I noticed that everything bore the ACME name. Wood panels and beams had "ACME Lumber Company" burned into them. All of the appliances were ACME brand appliances. There was a small supply of food and canned goods in the pantry, with names like "ACME brand artificially flavored instant chocolate pudding mix" and "ACME brand cream of chicken flavored soup". Even the bathroom plumbing, traditionally manufactured by American Standard, bore the proud name of ACME.

Beyond the house was a hammock strung between two palm trees. I swung into the hammock, and dozed off into a nap, dreamily thinking about my good fortune. When I awoke, I tore off my clothes and swam in the warm ocean, and ate fruit straight off the tree. Then I decided I should go home.

Again I bruised my arm as I fell onto the kitchen floor. I took the postcard down, and mounted it on the wall above my bed with a thumbtack.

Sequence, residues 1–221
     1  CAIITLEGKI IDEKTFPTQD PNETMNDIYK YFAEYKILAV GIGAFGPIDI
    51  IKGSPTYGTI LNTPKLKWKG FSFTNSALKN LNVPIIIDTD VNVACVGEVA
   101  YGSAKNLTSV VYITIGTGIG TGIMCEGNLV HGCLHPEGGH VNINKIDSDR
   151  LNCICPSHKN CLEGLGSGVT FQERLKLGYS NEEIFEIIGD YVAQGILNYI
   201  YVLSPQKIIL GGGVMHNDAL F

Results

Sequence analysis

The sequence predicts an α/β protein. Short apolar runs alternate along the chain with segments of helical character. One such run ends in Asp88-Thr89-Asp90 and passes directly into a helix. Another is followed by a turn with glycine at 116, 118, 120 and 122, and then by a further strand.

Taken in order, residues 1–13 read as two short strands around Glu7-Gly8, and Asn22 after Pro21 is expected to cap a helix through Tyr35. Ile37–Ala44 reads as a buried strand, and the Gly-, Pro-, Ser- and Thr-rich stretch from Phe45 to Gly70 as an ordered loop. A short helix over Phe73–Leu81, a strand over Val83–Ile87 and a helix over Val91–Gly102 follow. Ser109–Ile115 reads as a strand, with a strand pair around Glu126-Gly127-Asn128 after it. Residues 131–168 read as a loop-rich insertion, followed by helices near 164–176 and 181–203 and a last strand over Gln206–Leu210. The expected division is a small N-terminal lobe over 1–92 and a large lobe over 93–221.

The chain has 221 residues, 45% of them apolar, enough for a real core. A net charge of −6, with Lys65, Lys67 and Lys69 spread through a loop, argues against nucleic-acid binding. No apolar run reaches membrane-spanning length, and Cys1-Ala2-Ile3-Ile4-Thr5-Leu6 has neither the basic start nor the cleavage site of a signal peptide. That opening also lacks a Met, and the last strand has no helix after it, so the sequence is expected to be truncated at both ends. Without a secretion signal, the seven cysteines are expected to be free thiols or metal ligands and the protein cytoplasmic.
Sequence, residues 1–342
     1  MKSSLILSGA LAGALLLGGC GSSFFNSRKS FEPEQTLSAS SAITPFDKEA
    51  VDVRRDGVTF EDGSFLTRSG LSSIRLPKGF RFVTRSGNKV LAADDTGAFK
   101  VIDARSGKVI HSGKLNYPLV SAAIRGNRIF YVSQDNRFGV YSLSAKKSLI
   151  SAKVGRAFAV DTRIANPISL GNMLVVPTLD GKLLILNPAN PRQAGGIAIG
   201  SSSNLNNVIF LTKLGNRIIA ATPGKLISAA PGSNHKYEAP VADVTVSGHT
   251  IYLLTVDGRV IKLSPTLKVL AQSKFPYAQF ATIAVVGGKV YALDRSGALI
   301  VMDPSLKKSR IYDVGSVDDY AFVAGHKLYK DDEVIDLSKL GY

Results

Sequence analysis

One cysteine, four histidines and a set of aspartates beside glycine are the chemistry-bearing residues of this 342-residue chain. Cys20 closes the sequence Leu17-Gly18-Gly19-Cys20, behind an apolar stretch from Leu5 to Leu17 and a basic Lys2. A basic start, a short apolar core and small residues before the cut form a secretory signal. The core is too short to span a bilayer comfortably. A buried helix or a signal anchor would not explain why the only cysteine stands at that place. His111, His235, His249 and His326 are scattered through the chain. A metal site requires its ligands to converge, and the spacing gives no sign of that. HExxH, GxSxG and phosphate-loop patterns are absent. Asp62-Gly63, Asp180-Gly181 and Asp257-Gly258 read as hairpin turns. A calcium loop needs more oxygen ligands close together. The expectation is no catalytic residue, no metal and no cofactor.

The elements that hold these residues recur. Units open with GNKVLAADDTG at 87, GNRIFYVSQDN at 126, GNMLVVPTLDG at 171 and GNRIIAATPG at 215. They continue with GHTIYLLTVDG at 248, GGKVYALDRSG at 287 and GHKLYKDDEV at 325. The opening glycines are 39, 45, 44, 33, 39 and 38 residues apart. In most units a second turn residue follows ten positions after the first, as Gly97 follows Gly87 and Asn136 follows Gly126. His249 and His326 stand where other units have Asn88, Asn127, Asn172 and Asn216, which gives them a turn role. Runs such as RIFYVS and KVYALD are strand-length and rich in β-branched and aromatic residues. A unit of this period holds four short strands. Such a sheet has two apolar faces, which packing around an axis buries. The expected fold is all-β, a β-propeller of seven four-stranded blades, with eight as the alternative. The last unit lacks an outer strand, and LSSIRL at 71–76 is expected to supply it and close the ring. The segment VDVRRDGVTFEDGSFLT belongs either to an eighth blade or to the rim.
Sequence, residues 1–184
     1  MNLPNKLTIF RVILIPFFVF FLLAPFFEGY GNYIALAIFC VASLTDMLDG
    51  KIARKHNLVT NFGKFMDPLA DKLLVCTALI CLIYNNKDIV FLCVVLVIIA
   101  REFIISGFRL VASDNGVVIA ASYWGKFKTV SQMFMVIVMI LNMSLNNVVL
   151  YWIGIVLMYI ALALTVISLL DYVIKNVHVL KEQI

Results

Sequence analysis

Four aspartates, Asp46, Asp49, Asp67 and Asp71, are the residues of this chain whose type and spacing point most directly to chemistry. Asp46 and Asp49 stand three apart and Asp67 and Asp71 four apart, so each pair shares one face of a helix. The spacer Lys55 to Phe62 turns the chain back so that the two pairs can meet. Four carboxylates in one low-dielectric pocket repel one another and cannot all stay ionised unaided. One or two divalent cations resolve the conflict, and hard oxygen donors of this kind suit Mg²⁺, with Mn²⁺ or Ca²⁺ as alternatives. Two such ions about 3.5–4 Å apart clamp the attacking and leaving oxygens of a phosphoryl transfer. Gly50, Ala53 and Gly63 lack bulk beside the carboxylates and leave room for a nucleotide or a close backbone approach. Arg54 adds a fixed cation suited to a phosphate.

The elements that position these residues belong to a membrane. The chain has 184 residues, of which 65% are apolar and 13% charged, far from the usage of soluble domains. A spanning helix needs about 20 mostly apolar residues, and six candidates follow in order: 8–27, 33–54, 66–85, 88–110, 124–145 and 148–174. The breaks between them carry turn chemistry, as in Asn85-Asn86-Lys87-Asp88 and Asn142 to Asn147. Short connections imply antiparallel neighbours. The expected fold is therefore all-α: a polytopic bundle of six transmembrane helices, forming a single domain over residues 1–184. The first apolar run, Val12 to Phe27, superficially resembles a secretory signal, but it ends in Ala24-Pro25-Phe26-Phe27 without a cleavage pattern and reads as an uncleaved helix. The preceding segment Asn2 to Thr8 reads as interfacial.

For the next several weeks, I found great pleasure in my private retreat. I went to work in the days, and spent the evenings on my island. But as those weeks went by, I became more and more frustrated with the tedium and sourness of my job and the gray city. I looked forward more and more to my relaxing life on the island. So I began moving my belongings to my island. I found that I could take almost anything with me - I could hold big objects in my hands, and stare at the postcard, then touch it with my forehead and I was through. As I became more skilled, I could go through with very little initial concentration, and could emerge from either side on my feet.